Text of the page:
I have always been taught that unless you act aggressively towards wasps, they will not attack you. So I kept calm when some of them flew toward me to examine me; and true enough, I was not stung.
I grasped the bottom of the bag and turned it inside out, making sure that no wasps were stuck to the plastic, turned it back sticky side in, and folded it into an oblong small enough to fit into my jeans pocket. I left the greenhouse, walking backward, in slow movements, just in case, and nonchalantly walked around two blocks, hands in pockets – discarded the binbag into the street litter bin farthest from the house.
The suspense nearly killed me.
Just as the wasps killed my (ex!) husband.
Around the time he left for the greenhouse, as I had planned, I was standing, not a hair out of place, at the delicatessen counter at the supermarket, selecting cheeses for the weekend, as I always did.
It had been my original plan to walk back casually, do some light chores, and then call him on the intercom to say that dinner was in ten minutes. I had stopped at that point, since I would then play it on the wing, so it would appear to be a spontaneous thing.
However, my plan was dashed when one of the neighbours met me halfway. She had been running, and her words came out in between her gasps for air. Wasps… husband… urgent… stings… come… ambulance… swell… heart-attack…
I really should be nominated for an Academy Award. I grabbed her by the arm and shook her, asking her to explain what she was on about. Taking a deep breath, she said that she had heard shouting and the sounds of breaking glass, and had run out of the house just in time to see my (ex!) husband reeling about in the middle of the street, wheezing and lurching about, holding a hand to his throat. His face and hands were covered with angry red weals. With great difficulty, he had whispered my name and “supermarket”.
She had pounded on the door of another neighbour, explained the situation and told her to call for an ambulance, and ran to fetch me. It had been faster and easier than I thought it would be. Indeed, I later found out that wasps do not die after stinging someone, since their stingers are not barbed like those of bees, and are therefore not pulled out of their bodies when they attack.
I was told that probably, since the attack on my (ex!) husband happened in an enclosed space, the whole nest had been mobilised to sting. In these cases, unless antihistamine treatment is given within minutes, the victim dies.
It could be that he had swatted one of the insects, and it had released a pheromone that warned the others that there was a threat, and caused them to attack him.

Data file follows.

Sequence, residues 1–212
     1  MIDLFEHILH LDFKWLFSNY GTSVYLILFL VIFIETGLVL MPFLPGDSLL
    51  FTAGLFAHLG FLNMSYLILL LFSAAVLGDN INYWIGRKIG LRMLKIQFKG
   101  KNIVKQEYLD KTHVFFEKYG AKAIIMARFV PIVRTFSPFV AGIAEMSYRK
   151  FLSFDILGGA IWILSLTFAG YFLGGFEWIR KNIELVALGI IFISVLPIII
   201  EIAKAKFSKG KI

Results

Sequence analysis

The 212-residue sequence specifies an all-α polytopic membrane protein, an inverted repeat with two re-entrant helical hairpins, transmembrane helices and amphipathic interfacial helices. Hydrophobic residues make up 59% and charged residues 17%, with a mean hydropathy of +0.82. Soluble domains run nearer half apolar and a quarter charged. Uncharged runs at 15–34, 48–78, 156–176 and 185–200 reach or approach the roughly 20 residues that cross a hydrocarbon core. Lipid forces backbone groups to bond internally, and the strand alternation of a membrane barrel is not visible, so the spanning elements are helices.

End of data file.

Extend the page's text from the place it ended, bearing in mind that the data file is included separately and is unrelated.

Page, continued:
I will never know. Not that I want to. The Coroner’s Report states “death by misadventure”.
My husband and I often drink to that.



Life is a ball game;
When it sends you a curved ball,
Make sure to bat it!

Life’s made of extremes
When the buddy system fails,
Find strength in yourself.

Life is a bar-code.
Lots of lines; all mean something…

Life is a cascade
It takes your breath away, or
Purifies your soul.

Life is a quarry
Remember that though you dig,
Nothing’s set in stone.

Life is a peanut
Crunchy inside the shell, or
Smooth peanut butter.

Life is a corner
Of the street or of a room;
According to choice.

Life is a cycle;
Flowers bloom, and then wither…
Leaving seeds for more.

Life is a circle
No beginning and no end –
Embracing a void.

Life is a drawbridge
You can shut everyone out
Or allow access!

Life is a fir cone
Showing a hard exterior…
That love breaks open.

Life is a gamble
Dice are cast and lots are drawn;
Winner takes it all!

Life is a journey;
Bad signposts and bumpy roads
Drive you up the wall.

Life is a moonbeam
Contrasting with the darkness
Lighting up your path.

Life is a mountain;
Rope, climbing shoes and warm clothes…
Equal importance.

Life is a slow dance;
Alone or with a partner
Take it as it comes.

Life is a spiral
Whether it leads up or down
Is yours to decide.

Life is a journey
Riddled with many pit stops
Make time to use them!

Life is a masked ball;
You have to face the music
Of perfect strangers.

Life is a mountain.
Sheer cliffs; dead drops; an ice-cap;
But no lush valley.

Life is a playground
Winning on the roundabout
Just makes you dizzy.

Life is an acorn
Kernels nestled in wood cloaks
Squirrels’ winter stocks.

Life is for living
Don’t save your kisses because
They’ll all go to waste.

Life is highs and lows
From flip-flops to stilettos;
According to mood.

Life is so precious
The irony of it all
Is not knowing it!

Life’s a delusion;
On the surface all’s perfect
But below’s rotten.

Life’s a fairy-tale;
And one day you’ll wake up
To the bleakest truth.

People Poem

Flowers bloom
In the most unexpected of places.
You call them weeds, but they are plants that
Refuse to be harnessed.
Blooms flower where
Pampered seeds would wither.
So it is with people
Adversity hones the character
Struggles foment courage
If the seeds for it are there;
Adversity is the mother of adjustment
Non-conformity is the mother of configuration
Improvisation is the mother of invention.
Transient, tentative thoughts take root
And flourish.
Think pink; ponder purple; imagine indigo.
Flowers bloom…
Blooms flower.

If I’ve Told You Once…

Don’t do that. Stop that. Enough. Stop. Put that book away or you’ll throw up. How naughty you are. Push back your hair. That’s not nice. Stop fidgeting. Hold your bag properly. Stop playing with your hair. Close your mouth when you chew. Stop picking your nose. Drink some water. Stop moving your legs. Stop making faces. That’s enough…